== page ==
The last time I posted in a piece entitled "Star Trek, Proxima b, Nanovehicles and the Unlikely Appearance of Life," I wrote about the Star Trek Vision - a view point that has existed for a long time (thanks to fellow CADRE member Jason Pratt for pointing that out), but has become more in vogue over the last 50 years. The unsupported idea is that the universe is absolutely teeming with life such that any time a planet is thought to have water, it is almost automatically assumed that life exists on that planet. Just this morning, there is a story on Yahoo! News which provides more evidence of this rule.
According to Business Insider, NASA is set to announce surprising news about Europa -- (spoiler alert) -- it appears to have oceans of liquid water below its frozen surface. In the article entitled "NASA will soon reveal a 'surprising' discovery about a moon of Jupiter that may support life." To say that it "may support life" isn't really all that controversial and I have no problem with that assertion because, as I pointed out, it is statistically probable that there are thousands of planets that are capable of supporting life, but that doesn't meant that there are thousands of planets that actually have life. But, of course, that is where the Star Trek Vision takes us -- if the planet can support life, it is likely to support life. And the article delivers just such a viewpoint.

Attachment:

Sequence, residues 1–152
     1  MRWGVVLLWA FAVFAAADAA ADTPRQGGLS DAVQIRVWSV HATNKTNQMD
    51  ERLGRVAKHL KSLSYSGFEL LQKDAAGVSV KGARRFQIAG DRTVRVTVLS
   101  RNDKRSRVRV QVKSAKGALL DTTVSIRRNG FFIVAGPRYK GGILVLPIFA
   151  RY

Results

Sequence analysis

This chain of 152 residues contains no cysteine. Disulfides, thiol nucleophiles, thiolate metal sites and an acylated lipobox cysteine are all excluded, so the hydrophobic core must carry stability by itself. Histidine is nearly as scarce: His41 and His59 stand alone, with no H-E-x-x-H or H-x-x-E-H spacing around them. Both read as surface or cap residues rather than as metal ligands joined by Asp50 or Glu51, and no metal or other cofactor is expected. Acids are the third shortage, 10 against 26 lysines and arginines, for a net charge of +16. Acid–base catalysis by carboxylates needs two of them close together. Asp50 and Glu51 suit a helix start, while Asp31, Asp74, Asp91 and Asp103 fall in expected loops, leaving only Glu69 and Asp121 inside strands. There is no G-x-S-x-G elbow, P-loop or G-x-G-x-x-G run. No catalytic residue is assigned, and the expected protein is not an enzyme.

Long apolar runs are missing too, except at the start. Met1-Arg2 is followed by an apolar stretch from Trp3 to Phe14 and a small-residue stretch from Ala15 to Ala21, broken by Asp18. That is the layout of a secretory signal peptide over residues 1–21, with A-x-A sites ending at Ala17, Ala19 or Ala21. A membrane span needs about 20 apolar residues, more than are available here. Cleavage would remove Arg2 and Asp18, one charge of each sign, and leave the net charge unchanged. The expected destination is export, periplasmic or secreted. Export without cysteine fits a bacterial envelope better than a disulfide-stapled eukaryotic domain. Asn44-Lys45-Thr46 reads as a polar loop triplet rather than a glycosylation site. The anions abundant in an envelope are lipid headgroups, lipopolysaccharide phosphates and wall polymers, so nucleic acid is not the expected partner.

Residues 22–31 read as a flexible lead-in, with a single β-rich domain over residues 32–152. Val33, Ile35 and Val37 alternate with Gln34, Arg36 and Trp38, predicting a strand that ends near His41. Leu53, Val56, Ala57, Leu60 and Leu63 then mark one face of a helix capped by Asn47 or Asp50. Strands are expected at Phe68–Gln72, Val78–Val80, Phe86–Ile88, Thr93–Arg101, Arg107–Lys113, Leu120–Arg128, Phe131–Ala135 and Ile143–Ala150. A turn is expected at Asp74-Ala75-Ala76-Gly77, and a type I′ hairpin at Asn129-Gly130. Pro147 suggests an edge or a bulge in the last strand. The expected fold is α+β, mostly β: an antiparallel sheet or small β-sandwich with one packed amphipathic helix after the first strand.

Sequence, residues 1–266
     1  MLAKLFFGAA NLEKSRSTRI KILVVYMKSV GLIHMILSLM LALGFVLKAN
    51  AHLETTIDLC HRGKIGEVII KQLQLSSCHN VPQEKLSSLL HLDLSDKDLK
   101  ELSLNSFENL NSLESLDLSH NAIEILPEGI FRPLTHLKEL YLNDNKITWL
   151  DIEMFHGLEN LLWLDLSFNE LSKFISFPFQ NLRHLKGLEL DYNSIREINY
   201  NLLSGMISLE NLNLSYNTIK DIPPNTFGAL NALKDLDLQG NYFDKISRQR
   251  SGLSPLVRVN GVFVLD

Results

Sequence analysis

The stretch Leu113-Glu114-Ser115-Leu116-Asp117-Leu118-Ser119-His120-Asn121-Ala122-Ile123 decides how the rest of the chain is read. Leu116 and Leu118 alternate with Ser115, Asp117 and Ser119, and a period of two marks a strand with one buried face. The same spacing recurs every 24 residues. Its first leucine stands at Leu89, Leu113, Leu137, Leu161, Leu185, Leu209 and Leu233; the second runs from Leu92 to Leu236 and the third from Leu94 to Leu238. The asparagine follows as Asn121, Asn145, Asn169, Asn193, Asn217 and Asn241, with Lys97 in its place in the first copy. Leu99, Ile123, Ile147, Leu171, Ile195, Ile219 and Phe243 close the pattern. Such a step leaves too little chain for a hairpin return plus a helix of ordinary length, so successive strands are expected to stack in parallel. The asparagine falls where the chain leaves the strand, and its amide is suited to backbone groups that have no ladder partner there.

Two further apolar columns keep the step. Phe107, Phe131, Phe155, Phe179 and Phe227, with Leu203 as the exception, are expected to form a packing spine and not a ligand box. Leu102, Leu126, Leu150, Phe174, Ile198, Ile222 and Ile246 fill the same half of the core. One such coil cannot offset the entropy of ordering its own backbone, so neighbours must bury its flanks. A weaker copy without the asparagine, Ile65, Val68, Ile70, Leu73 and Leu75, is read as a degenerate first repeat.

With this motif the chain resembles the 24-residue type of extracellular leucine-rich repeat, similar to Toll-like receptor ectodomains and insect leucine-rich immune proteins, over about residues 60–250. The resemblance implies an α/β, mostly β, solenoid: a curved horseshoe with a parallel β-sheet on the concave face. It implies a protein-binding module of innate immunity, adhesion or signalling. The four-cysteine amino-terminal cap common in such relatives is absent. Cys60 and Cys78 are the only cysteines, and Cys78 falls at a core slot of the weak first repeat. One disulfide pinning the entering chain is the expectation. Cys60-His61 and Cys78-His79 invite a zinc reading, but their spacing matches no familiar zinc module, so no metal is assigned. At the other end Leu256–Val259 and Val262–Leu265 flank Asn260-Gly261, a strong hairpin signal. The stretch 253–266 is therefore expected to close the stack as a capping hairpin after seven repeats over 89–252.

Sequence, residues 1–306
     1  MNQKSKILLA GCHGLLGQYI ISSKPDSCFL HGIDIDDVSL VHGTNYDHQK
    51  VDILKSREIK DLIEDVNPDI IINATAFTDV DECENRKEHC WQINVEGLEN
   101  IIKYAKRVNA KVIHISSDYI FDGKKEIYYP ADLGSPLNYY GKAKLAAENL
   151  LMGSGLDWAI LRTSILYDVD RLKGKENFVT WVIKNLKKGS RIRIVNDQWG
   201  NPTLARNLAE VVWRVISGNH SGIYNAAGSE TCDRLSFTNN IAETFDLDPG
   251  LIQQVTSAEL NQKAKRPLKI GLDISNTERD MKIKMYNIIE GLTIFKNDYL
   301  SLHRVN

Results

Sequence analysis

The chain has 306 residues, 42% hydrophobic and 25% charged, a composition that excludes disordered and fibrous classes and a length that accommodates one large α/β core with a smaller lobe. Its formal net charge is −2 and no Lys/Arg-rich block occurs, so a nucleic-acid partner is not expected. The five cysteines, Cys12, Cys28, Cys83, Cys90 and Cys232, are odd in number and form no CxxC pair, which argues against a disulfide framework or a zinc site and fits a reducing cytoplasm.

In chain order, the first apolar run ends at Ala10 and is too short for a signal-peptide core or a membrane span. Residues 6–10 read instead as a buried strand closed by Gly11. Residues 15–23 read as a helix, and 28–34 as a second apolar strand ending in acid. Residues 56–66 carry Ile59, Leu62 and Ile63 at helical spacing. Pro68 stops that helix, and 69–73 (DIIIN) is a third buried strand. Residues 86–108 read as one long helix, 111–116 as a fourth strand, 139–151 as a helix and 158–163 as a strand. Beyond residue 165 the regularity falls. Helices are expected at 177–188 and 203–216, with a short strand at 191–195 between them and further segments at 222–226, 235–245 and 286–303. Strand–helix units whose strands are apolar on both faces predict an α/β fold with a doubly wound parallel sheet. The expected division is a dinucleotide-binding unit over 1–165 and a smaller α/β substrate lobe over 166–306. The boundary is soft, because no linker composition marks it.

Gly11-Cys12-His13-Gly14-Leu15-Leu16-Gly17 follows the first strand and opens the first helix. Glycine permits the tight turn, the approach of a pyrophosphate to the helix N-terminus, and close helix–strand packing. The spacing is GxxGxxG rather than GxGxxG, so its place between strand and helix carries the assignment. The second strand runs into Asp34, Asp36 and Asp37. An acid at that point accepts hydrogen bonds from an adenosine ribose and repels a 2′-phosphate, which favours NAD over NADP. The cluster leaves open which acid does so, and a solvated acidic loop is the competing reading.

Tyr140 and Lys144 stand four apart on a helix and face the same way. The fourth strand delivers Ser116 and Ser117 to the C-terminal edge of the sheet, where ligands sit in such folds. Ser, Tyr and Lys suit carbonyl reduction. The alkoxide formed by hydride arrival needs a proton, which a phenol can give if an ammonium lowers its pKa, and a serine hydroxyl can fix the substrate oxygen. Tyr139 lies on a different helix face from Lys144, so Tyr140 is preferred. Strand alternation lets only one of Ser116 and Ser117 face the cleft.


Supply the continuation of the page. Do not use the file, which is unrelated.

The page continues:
Astronomers will present results from a unique Europa observing campaign that resulted in surprising evidence of activity that may be related to the presence of a subsurface ocean on Europa. Surprising evidence ... a subsurface ocean ... one of humanity's sharpest eyes in space ... could this be the discovery of extraterrestrial life?
Fortunately, the author of this article is a bit more cautious than most, because he answers that final question with "We wouldn't count on it." Unfortunately, such careful analysis is usually sorely lacking from these popularizations of science. The authors usually know that the readers expect life out in the universe and give them the hope that it has been found.
But I pointed out last time that if we don't know how abiogenesis occurred (the springing of life from non-life) then it is becomes really difficult to predict the likelihood that life came into existence outside of our own little part of the universe. If the arising of life was a freak event - an event so totally unlikely that you are more likely to win a Powerball Lottery (or Mega-Millions Lottery - don't want to leave out potential blog sponsors) where you have to select the correct six numbers on a lottery ticket with a pool over a 100,000,000,000,000 numbers from which to choose - then it is possible that Earth is the only place in the universe that life arose. Or, for that matter, if the rise of life on this planet were the result of an all-powerful being who exists outside of this universe and He chose to place life only on Earth then it's certainly possible for Earth to be the sole home of life in the universe, as well.